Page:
That observation came to sum up a lot of what I felt as I walked out of the sequel. “Guardians of the Galaxy Vol. 2” is fine! It’s fun, and I enjoyed it, and I’m seeing it again with my husband over the weekend. It’s also frenetic and vaguely exhausting and loud in ways that undercut the best, most human parts of the movie. The film is good at doing what superhero movies are supposed to do, which is offer up escalating spectacles intended to bring audiences back for more. But that mission also stands in the way of genuine evolution within the superhero genre that would allow people working within it to tell different kinds of stories.
To explain what I mean, some basic plot points first: When we reunite with our motley, mix-tape-fueled crew, they’ve been hired by a humorless, genetically engineered society called the Sovereign to protect a set of ultra-powerful batteries from said tentacle-y thing, in exchange for Gamora’s (Zoe Saldana) adoptive sister, Nebula (Karen Gillan, terrific). Rocket (Bradley Cooper), being the felonious raccoon that he is, steals the batteries at the end of the gig. In response, the Sovereign hires a crew of Ravagers, among them Yondu (Michael Rooker), who raised the half-human, half-alien Peter Quill (Chris Pratt) as a child, to track the Guardians down and drag Rocket back for punishment. This task is complicated by the fact that a man going by Ego (Kurt Russell) and claiming to be Peter’s father has shown up, and Peter, Gamora and Drax (Dave Bautista) have flown off with him to his homeworld to check it out. Spoiler alert: Things are not what they seem.
That this is only a very partial plot summary should make my point: There is a lot going on in “Guardians of the Galaxy Vol. 2,” much of which ends up splitting up the titular team for long stretches of the movie, and doing a lot of cliffhanger-heavy editing to jump back and forth between the storylines. In the meantime, we meet the head of Ravager society (Sylvester Stallone), learn that Baby Groot is not very good about following instructions but is willing to chop off people’s toes, and drone through a tour of some oddly terrible museum dioramas.
This is something of a bummer, given that genuinely interesting emotional stories are unfolding inside all of this chaos.
The best of these involves the fraught relationship between Gamora and Nebula. The pair are the adopted daughters of Thanos (Josh Brolin), the character who is set up to be the Big Bad in the super-size “Avengers: Infinity War” team-up movie slated for next year. Both women suffered as a result of Thanos’s parenting style, but Nebula retains the greatest trauma from his efforts to craft them into living weapons: Every time Nebula lost a sparring match to Gamora, Thanos replaced a part of her body with a mechanical device, hoping to improve her. The route that “Guardians” takes to address this sibling rivalry involves a lot of spaceship crashes and double-dealing, but the most powerful work comes out of the conversations Gamora and Nebula have about what was done to them. Gillan in particular does an excellent job with Nebula’s rage, pain and obsessive determination to eliminate her father from the universe.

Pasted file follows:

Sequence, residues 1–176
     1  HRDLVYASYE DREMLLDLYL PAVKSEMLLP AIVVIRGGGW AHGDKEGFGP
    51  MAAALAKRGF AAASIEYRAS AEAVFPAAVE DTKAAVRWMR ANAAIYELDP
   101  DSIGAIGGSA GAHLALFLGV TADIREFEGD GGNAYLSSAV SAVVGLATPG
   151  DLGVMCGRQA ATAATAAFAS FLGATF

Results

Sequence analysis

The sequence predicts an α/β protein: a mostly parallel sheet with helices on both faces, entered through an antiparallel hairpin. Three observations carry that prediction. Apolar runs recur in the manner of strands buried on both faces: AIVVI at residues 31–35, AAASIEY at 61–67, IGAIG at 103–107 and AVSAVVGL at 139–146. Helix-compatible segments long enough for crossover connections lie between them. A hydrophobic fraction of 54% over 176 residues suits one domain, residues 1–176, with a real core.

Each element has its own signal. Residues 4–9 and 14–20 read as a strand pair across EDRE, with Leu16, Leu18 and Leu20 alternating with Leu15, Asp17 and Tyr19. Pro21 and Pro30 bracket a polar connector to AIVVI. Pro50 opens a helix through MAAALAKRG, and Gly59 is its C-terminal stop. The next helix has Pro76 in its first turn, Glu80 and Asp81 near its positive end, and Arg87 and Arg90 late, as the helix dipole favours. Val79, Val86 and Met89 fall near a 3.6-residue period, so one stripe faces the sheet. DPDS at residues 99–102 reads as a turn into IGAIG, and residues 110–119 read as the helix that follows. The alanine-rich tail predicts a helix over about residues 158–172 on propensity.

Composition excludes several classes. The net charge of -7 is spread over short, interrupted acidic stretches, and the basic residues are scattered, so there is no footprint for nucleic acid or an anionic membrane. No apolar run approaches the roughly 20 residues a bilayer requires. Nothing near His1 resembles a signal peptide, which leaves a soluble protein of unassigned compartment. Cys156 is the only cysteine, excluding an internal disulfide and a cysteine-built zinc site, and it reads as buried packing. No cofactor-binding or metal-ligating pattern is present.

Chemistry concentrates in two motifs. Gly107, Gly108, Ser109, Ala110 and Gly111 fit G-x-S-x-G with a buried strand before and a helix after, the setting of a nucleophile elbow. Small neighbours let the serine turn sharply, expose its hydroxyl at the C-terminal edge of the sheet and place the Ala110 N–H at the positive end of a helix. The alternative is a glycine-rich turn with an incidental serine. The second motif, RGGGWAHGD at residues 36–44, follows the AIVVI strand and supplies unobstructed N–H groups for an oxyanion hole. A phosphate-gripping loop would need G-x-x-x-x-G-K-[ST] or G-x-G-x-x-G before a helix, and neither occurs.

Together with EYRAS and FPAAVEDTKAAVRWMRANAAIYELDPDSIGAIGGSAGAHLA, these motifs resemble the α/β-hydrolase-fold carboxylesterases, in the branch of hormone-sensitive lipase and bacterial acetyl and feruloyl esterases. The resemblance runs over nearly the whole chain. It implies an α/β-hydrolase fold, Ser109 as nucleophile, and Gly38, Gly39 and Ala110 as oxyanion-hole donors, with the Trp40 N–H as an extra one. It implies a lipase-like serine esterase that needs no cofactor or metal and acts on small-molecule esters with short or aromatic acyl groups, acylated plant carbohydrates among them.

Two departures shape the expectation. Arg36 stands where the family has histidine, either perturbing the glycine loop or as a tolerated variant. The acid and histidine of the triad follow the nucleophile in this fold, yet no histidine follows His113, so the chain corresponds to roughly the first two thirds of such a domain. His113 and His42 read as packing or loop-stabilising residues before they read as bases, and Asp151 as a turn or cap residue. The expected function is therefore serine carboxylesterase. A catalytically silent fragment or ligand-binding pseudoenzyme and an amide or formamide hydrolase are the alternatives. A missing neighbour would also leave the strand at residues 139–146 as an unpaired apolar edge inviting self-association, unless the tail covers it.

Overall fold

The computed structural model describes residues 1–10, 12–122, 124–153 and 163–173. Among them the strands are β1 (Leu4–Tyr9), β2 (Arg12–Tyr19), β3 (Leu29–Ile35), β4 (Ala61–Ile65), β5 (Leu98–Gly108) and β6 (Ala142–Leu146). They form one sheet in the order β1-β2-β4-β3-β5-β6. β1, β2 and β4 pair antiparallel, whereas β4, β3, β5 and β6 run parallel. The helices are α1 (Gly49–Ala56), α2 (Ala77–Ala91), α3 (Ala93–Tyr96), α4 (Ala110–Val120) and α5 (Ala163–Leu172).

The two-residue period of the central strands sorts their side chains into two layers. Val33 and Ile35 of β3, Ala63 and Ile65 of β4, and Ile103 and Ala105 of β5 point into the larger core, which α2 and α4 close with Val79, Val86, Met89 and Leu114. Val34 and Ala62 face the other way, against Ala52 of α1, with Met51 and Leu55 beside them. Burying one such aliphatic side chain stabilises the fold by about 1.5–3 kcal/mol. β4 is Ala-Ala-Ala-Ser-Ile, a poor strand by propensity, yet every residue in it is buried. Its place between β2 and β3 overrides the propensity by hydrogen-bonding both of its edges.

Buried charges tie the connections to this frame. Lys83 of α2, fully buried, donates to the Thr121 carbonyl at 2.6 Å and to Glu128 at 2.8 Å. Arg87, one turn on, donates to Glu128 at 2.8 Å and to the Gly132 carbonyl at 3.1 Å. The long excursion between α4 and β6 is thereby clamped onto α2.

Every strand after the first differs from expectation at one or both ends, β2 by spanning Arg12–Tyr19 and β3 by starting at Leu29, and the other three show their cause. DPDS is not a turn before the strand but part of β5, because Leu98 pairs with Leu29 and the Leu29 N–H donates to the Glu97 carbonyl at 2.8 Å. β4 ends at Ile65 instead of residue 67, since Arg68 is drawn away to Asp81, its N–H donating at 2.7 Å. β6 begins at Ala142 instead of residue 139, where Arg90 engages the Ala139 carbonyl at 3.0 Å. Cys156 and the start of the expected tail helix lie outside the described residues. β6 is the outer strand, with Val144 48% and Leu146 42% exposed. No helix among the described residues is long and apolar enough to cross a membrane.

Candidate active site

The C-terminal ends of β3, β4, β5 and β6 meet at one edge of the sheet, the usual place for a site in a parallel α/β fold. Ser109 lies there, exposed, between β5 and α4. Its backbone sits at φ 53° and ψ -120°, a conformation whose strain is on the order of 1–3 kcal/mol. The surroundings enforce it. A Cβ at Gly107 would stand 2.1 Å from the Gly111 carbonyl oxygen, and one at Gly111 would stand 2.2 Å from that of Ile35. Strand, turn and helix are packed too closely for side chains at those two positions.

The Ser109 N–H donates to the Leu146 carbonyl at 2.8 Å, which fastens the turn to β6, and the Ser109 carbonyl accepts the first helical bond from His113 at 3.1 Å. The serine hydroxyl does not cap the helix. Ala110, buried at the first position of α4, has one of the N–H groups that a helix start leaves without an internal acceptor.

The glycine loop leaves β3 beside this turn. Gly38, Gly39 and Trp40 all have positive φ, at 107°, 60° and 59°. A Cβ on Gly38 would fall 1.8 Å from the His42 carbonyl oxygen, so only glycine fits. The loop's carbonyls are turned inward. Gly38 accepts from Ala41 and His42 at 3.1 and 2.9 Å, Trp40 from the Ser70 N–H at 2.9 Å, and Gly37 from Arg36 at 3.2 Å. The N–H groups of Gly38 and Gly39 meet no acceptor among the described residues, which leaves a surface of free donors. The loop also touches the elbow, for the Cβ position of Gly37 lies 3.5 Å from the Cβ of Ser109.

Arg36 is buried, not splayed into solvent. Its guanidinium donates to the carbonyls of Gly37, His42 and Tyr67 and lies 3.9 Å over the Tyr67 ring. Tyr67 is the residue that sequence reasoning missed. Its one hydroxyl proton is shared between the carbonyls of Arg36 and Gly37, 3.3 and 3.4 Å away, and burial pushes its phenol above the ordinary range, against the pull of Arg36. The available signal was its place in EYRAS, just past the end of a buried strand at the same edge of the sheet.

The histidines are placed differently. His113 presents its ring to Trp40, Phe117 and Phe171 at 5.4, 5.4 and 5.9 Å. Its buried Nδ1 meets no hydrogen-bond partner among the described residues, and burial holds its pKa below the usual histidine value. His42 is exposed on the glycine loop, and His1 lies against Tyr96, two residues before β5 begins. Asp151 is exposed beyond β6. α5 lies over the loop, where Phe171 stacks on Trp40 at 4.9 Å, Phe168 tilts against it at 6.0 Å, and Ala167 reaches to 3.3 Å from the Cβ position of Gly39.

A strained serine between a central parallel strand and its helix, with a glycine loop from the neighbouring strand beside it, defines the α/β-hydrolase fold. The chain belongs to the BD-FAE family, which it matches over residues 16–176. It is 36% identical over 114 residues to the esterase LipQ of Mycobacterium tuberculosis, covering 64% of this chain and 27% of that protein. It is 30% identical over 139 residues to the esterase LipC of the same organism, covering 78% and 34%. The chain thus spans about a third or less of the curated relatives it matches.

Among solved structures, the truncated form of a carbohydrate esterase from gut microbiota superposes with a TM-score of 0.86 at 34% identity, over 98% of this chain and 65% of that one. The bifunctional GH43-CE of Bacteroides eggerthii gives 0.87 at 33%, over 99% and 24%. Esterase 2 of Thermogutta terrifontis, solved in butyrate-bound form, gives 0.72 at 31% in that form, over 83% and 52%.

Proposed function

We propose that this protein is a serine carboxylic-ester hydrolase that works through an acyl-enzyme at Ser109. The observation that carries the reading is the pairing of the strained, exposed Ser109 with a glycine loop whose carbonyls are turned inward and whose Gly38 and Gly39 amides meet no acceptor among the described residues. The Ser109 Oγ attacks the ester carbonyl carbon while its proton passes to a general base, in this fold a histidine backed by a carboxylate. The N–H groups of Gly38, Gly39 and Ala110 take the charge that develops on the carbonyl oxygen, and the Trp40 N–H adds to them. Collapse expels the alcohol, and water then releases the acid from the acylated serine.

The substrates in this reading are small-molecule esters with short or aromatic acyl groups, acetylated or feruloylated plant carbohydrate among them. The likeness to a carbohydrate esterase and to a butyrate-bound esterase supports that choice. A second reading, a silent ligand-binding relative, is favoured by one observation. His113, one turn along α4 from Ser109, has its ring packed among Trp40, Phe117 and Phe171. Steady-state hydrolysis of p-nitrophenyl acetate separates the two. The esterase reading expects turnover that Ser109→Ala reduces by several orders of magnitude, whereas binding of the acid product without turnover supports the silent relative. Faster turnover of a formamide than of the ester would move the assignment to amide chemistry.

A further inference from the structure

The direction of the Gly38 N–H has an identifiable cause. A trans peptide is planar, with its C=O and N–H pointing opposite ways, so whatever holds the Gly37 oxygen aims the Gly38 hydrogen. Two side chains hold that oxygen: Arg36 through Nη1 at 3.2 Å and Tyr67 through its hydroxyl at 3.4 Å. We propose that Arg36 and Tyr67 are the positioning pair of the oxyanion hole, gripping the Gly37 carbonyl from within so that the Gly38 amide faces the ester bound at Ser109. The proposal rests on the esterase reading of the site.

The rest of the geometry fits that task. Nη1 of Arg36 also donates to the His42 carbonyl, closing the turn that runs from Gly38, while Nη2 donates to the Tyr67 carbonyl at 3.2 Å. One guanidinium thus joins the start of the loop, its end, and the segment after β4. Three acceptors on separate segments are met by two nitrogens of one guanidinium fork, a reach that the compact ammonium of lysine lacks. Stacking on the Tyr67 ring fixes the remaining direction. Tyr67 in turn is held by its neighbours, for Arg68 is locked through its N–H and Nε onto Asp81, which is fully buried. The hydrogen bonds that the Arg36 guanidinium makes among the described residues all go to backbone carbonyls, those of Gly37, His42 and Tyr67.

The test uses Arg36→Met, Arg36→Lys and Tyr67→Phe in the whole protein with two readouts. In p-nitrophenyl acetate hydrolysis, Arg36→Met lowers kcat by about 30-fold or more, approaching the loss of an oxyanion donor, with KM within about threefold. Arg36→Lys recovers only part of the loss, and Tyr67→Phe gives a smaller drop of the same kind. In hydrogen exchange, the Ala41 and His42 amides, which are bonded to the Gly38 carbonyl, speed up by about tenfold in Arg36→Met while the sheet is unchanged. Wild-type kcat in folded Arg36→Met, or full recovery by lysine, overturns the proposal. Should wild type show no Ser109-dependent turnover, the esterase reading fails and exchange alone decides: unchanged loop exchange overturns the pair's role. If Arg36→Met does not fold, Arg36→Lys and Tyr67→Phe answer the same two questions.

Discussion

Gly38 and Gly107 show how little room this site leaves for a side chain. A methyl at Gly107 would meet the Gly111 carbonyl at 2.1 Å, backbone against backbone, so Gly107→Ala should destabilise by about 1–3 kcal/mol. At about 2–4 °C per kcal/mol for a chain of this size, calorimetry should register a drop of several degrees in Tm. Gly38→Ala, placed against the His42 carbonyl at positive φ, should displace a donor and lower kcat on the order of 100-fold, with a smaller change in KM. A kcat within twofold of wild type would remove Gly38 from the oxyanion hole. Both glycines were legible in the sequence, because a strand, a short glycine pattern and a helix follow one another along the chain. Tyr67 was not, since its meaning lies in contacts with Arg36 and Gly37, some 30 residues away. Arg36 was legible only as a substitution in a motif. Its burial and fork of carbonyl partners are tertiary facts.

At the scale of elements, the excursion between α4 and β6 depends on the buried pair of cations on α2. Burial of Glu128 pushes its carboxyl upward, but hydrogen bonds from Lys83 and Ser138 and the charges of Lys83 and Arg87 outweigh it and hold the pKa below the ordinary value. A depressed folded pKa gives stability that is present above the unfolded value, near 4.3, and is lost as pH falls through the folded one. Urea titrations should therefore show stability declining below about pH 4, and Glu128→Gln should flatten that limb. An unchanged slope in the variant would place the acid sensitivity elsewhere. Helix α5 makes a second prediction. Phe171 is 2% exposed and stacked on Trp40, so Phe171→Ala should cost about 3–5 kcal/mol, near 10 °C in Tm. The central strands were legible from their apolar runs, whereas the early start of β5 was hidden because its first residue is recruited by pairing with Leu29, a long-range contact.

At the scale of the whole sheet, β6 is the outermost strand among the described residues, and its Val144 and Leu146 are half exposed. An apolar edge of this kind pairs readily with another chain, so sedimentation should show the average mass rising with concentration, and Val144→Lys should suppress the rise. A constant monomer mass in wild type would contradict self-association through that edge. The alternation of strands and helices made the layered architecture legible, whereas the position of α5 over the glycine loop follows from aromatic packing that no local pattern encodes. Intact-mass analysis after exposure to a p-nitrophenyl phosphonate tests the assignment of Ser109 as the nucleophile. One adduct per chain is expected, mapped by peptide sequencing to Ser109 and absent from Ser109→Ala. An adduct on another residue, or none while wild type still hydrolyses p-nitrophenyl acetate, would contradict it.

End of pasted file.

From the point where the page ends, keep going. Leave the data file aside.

The movie takes Rocket, who has been deeply affected by the experiments the scientists performed on him, on a similar journey. The characters continue their rough, and very funny, barrage of insulting questions about whether Rocket is a raccoon, a “trash panda” or merely a really hideous puppy. But when he and Yondu are locked in a cell together, their conversation reveals that both men feel their lack of community acutely. In Rocket’s case, that’s left him with a self-destructive tendency to blow up his relationships (sometimes literally). Feeling strange and excluded is an entirely human story, but one that’s emphasized when those experiencing it are a blue alien with a robotic fin embedded in his skull and a surgically enhanced sentient raccoon.
Peter’s relationship with his birth father and the alien who raised him hit some similar notes, though it’s ultimately undercut by a fairly unsurprising plot reveal that’s delivered in a clunky fashion born of the necessity of bringing all this ruckus in under the two-and-a-half-hour mark.
Again, I feel the need to emphasize that everything that happens around these more emotional moments is fine. Ego’s planet looks like a weird and entrancing mash-up of an Elvish palace from “Lord of the Rings” and Angkor Wat! Watching Rocket and Yondu wreak havoc on a group of mutinous Ravagers is bloody, darkly humorous, good fun! I enjoy director James Gunn’s visual sense of space! And yet it’s a bummer to feel as if the best, most sophisticated moments in “Guardians” have been snuck into the movie under the cover of spectacle.
Superhero movies and giant blockbuster franchises are here to stay. Their box-office power and cultural influence aren’t in doubt. So it’s from this secure position that I feel as if it’s time to ask for a bit more from them. A change in tone, like the jokey vibe that “Guardians of the Galaxy Vol. 2” brought to the Marvel Cinematic Universe, is refreshing, but it’s not a dramatic experimentation with the form. Men caring deeply about each other is not the same thing as actually putting a gay character in a superhero movie. Having a half-baked idea about whether superheroes should be regulated doesn’t automatically count as staging a smart idea about the tradeoffs between freedom and security. I say this not because I think superhero movies are inherently schlocky and shallow, but because I believe they can be great. “Guardians of the Galaxy Vol. 2” is perfectly good at what it’s trying to be. Gunn’s ambitions, and Marvel’s, could stand to aim higher and weirder.